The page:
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Court of Appeal date set for Wrexham Local Development Plan case

28 May 2024 2 minute read

The second highest court in England and Wales will decide whether to overturn a High Court judge’s insistence on Wrexham Council voting to adopt its Local Development Plan.

The Court of Appeal will hear the case to overturn the judgement on 15 October in London.

In April and June 2023, a majority of Wrexham councillors voted against their own LDP. This led to a consortium of seven large housing developers going to court to challenge that ruling.

In November 2023,  Judge Eyre quashed the two previous votes and instructed councillors to vote for the plan.

Councillors were then warned that failure to do so would result in a contempt of court that could lead to fines or imprisonment.

Large-scale housing estates

Some of those developers are among those seeking to build large-scale housing estates on the outskirts of Wrexham.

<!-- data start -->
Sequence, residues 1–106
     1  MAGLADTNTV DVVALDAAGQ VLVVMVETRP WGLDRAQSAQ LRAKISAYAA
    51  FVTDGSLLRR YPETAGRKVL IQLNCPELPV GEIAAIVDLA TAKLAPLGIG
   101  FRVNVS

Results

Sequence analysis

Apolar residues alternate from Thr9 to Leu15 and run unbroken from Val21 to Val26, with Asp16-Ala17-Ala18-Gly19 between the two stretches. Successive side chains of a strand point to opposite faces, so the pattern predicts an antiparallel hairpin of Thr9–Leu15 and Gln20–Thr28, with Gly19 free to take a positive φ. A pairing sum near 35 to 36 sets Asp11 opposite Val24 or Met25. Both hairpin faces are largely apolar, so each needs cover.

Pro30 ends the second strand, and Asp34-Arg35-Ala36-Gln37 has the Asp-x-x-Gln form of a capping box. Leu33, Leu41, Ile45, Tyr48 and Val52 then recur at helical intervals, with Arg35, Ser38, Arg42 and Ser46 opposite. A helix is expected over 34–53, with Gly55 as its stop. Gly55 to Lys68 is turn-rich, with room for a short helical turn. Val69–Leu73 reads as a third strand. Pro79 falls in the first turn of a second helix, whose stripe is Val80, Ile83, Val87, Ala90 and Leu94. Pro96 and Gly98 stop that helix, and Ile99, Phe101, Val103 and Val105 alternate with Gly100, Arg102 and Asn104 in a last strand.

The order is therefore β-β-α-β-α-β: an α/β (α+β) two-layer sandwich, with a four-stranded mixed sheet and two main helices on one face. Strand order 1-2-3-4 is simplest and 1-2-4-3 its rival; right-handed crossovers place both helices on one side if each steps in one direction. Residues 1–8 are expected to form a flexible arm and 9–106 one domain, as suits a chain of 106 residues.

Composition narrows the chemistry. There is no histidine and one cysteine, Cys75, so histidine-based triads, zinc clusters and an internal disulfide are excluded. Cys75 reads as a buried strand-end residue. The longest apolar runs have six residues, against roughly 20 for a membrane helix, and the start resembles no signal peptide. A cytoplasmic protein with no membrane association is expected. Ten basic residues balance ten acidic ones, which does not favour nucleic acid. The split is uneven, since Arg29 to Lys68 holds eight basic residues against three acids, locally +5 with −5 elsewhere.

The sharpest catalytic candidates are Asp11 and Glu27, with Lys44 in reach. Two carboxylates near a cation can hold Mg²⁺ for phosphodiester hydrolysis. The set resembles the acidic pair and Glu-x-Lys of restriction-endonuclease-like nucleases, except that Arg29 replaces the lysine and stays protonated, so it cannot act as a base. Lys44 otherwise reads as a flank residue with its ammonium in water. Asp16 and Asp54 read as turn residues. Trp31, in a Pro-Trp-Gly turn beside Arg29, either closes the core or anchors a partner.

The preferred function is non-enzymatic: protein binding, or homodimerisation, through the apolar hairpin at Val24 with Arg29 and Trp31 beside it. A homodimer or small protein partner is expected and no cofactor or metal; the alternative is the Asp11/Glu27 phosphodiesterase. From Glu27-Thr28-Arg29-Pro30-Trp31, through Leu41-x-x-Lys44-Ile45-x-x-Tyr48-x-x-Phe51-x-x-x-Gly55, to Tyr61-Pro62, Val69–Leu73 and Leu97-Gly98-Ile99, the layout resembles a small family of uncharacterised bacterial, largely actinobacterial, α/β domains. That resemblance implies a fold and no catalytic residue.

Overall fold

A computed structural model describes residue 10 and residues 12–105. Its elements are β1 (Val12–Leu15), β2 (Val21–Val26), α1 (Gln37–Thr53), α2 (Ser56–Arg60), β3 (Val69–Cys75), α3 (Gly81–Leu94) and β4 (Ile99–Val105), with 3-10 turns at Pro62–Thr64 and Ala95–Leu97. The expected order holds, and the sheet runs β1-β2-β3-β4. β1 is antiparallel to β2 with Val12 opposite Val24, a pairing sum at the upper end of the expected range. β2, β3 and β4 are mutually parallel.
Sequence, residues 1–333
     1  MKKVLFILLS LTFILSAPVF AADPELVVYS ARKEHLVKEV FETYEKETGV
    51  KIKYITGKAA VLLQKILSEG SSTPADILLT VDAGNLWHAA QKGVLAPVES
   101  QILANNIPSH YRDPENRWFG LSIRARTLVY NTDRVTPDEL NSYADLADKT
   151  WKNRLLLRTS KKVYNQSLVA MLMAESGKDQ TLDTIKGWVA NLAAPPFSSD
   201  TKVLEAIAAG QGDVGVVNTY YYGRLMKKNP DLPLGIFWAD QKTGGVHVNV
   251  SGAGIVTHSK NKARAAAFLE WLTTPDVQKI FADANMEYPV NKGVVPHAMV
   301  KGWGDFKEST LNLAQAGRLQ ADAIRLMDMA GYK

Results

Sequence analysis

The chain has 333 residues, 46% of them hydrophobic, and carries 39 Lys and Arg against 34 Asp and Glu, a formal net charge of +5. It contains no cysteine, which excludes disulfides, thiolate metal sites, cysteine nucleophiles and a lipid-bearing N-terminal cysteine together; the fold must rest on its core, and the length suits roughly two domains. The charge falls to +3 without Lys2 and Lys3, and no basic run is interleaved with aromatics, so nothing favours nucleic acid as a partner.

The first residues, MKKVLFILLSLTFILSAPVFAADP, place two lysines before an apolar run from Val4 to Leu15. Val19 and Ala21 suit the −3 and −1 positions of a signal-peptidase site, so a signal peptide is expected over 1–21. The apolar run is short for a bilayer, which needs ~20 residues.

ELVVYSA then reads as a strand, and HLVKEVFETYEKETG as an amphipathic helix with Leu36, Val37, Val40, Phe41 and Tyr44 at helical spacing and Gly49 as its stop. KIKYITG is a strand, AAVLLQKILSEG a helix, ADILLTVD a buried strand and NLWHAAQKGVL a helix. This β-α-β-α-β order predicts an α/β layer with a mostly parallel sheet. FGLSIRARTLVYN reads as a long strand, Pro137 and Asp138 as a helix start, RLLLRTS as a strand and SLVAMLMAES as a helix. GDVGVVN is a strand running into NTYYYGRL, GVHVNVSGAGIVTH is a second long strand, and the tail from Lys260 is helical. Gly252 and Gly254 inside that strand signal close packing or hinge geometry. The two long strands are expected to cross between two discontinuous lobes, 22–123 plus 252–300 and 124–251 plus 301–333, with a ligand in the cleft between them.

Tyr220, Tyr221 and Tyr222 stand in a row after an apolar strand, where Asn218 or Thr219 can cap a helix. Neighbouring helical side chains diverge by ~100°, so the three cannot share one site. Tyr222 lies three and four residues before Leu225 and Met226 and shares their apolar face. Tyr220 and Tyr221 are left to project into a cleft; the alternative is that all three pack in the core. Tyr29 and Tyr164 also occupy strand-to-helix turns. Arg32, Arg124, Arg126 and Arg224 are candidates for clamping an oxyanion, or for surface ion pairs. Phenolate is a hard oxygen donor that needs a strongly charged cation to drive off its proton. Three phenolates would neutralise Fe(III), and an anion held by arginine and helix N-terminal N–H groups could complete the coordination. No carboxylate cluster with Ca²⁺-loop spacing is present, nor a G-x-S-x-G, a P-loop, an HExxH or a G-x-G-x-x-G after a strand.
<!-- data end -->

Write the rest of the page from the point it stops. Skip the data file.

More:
An update on the campaigners’ Crowdjustice site states: “Pursuant to the order by Lewison LJ dated 7th May 2024. This appeal has been listed on an expedited basis to be heard on 15th October 2024. Time estimate 1 Day.”

The Wrexham councillors behind the appeal said: “This is a great step forward and could also mean the Local Development Plan, which was passed after the judgement by Judge Eyre, is paused – what is known as a ‘technical suspension’ – until the hearing is concluded.

“There’s a long way to go but the decision to permit the appeal by Lord Justice Lewison on the basis that it has a ‘real prospect of success and raises an important point of principle’ is grounds for optimism on our part.”


The judgement is also significant as it could see Wrexham Council recoup the £100,000 costs awarded against it by Eyre.

The council failed to attend court and did not contest the costs award. Councillors backing the appeal have been told by their lawyers that success in the Court of Appeal would mean the £100,000 being recouped by the council.

They added: “In effect, our appeal is doing what the council could and should have done initially – stand up to the developers. This has not been done lightly and the cost to take it to the Court of Appeal has increased significantly.

“We’re looking to raise a further £10,000 to ensure we have the best legal representation possible in October.”

You can support the  community-funded campaign here

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